The end of the world? In his new film, Melancholia, Lars von Trier tries to imagine just that. But Melancholia goes beyond the typical populism of the disaster movie—the callous rich mending their ways because of a massive quake or a bad volcano.
The film's first half wittily observes a wedding so pungent with lucre as to pale the Kardashians. The setting is a lakeside chalet in Sweden. Kirsten Dunst is Justine, a bride whose boss (Stellan Skarsgard at his most swinish) is the father of the groom. Justine's sister, Claire (Charlotte Gainsbourg), and her husband, John (Kiefer Sutherland), shell out beaucoup bucks for the big event.
Why, on the happiest day of her etc., has Justine gone feral with sadness, hiding from the company, ducking her husband to go pee on the lawn of the golf course? The second half reveals why. There's cosmic trouble, which some are willfully ignoring, with a newly discovered planet. Some suggest this new globe is in a dance-of-death orbit with Earth. It's named, for some linguistically indefensible reason, "Melancholia."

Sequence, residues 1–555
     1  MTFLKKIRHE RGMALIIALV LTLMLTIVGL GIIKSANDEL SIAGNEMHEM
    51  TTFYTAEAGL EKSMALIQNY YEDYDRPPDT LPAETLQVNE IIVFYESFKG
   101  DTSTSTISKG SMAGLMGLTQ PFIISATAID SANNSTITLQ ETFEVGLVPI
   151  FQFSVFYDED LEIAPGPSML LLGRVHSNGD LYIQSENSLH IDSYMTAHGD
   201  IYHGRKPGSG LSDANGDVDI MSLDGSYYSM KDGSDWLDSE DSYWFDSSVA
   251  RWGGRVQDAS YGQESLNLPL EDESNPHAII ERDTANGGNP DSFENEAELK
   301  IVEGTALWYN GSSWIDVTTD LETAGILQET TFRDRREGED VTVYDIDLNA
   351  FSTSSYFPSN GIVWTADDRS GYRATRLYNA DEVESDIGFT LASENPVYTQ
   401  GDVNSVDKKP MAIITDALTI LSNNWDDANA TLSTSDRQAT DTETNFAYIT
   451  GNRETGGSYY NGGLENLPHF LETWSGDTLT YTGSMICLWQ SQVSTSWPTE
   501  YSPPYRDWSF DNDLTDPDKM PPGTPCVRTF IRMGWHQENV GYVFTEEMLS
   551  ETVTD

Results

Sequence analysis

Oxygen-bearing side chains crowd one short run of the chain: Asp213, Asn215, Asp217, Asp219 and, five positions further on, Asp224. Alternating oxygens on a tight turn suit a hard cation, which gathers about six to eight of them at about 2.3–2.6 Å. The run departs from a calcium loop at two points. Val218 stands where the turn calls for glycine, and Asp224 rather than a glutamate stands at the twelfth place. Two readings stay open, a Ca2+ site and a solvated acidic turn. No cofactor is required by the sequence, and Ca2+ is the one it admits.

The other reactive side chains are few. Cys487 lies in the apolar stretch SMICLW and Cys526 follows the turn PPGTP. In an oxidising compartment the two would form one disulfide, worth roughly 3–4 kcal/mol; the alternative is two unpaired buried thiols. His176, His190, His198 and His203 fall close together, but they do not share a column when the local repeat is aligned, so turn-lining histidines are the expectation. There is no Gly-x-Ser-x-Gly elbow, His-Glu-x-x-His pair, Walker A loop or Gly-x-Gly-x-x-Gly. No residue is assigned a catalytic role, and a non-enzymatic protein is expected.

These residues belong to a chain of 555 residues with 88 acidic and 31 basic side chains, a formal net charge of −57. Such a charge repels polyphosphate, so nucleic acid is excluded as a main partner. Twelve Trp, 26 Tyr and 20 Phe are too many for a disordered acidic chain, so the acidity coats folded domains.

With her particular cross of intensity and impassivity, Dunst is the least like a Hans Christian Andersen fairy-tale sufferer of any of von Trier's heroines—and the most like an imprisoned woman forcing her way out.
In Melancholia's second part, the estate is cleared of guests and staff, and the two sisters try their best to function as the inevitable starts to occur. And there is the consolation, unusual in von Trier, of a child, Justine's nephew (Cameron Spurr).
Does von Trier feel life itself is evil? That seemed to be the idea in Antichrist. And yet Melancholia itself is much easier to take seriously because of its clarity and stillness, and because of Dunst's wistful, frightening acting. Von Trier is probably a madman, but every madman has at least one lucid argument in him.
'Melancholia' opens Friday, Nov. 18, at the Smith Rafael Film Center in San Rafael.